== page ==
CDC reports that law enforcement fentanyl encounters increased from less than 1,000 from 2010 to 2012 to nearly 14,000 in 2015.
Synthetic-opioid involved deaths increased nearly 80% from 2013 to 2014.
From 2013 to 2014, law enforcement encounters (drug submitted for analysis) testing positive for fentanyl sharply increased in a growing number of states, according to two new articles published today in CDC’s Morbidity and Mortality Weekly Report.
Synthetic opioid-involved overdose deaths including fentanyl have also increased in multiple states. Recent investigations in Ohio and Florida provide strong evidence that increases in fentanyl deaths do not involve prescription fentanyl but are primarily related to illicitly-made fentanyl. Illicitly-made fentanyl is often mixed with or sold as heroin—with or without the users’ knowledge and increasingly distributed in counterfeit pills.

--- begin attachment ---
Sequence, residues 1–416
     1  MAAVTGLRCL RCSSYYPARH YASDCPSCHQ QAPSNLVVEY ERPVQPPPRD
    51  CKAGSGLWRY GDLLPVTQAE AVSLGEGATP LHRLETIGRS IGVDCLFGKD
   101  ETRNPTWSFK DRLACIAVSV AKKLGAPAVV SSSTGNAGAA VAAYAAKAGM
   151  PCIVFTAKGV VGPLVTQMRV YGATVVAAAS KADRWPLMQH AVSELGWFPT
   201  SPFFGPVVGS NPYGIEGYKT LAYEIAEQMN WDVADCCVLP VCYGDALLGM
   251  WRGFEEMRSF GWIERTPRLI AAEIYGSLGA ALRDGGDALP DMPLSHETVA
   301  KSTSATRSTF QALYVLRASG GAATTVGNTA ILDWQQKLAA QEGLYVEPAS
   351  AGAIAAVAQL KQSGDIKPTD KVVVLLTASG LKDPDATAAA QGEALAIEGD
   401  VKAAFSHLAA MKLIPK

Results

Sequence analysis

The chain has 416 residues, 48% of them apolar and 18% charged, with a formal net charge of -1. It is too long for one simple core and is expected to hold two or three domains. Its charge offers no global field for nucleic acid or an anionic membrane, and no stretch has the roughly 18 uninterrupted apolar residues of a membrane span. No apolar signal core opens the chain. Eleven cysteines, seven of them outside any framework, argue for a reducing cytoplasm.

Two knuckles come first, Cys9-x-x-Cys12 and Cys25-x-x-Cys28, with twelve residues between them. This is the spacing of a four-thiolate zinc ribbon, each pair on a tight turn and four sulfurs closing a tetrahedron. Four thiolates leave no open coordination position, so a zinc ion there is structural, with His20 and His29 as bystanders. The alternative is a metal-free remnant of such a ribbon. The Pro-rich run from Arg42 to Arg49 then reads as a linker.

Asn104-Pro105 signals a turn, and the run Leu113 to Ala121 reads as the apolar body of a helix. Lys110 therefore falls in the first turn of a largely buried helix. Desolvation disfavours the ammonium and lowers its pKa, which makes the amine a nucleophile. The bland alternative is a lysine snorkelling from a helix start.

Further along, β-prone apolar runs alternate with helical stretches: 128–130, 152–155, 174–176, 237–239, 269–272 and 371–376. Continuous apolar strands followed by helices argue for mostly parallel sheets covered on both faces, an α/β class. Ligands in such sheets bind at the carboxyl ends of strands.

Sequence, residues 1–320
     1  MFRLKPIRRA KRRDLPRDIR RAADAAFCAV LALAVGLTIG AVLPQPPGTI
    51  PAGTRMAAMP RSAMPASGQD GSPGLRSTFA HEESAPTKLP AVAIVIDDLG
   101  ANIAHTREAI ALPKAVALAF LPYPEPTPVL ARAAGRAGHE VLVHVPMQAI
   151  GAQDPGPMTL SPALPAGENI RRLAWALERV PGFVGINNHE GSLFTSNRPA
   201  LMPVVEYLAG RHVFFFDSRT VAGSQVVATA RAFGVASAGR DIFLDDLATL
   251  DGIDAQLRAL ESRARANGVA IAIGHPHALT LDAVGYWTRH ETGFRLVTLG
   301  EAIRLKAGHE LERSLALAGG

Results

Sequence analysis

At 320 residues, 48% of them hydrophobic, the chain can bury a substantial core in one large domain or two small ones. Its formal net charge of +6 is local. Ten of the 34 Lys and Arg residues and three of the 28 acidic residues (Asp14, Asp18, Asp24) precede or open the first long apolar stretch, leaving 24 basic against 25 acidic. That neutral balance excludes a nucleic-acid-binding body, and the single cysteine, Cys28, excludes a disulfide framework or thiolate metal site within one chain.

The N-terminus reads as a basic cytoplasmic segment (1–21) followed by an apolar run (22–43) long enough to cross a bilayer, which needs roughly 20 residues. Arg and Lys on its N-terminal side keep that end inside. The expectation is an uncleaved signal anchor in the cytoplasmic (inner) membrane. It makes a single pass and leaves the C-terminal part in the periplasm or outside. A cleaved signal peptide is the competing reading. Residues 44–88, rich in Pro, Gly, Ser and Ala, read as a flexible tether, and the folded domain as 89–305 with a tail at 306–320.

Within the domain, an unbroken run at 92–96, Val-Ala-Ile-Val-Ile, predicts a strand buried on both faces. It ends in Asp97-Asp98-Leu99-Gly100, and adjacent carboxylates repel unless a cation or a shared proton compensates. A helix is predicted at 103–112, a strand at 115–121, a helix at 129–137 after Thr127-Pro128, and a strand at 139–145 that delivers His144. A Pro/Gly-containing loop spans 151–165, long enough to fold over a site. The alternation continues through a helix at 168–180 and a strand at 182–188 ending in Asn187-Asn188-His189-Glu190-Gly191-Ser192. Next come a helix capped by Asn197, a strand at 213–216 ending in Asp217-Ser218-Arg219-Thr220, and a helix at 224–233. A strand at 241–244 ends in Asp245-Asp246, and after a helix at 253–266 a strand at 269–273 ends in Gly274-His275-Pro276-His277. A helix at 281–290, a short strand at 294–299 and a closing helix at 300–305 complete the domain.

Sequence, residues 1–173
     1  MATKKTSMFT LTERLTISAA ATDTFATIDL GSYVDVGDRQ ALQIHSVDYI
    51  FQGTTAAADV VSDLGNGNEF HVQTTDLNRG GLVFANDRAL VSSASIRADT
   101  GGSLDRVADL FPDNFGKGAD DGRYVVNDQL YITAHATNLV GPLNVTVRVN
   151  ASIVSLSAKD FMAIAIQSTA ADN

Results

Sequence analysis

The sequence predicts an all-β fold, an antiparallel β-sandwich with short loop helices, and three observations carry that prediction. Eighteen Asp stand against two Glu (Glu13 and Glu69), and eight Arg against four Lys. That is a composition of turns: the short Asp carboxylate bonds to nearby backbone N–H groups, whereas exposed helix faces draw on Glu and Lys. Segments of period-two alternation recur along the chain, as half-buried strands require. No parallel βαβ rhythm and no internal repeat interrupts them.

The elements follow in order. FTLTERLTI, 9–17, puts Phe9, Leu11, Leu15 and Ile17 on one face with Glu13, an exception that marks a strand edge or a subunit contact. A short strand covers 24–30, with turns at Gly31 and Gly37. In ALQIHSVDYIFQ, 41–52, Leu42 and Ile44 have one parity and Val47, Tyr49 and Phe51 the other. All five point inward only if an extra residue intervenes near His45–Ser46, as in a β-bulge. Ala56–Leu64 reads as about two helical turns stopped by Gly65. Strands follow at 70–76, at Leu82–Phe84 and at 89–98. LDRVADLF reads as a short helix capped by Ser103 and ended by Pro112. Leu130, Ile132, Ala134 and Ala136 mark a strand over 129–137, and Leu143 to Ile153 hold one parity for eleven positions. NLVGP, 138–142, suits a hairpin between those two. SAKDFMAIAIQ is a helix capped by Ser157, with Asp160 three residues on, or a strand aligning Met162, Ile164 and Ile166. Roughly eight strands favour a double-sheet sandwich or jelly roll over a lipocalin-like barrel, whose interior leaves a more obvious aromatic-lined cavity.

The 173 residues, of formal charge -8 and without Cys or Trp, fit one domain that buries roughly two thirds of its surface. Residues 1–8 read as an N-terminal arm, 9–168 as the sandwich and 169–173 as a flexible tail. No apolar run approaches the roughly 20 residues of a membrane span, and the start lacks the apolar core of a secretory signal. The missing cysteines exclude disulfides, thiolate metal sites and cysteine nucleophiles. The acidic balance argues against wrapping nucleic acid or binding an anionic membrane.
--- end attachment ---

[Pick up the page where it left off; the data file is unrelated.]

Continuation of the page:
Key findings from 2013 to 2014:
In Florida and Ohio, both high burden states,
Law enforcement fentanyl encounters and fentanyl-involved overdose deaths increased significantly.
Why is this topic important?
The current fentanyl crisis continues to expand in size and scope across the United States.
The toxicity of fentanyl and possibility of rapid death, coupled with the extremely sharp one-year increase in synthetic opioid-involved overdose deaths including fentanyl, highlight the urgent need to understand the factors driving this increase.
Urgent public health action is needed to: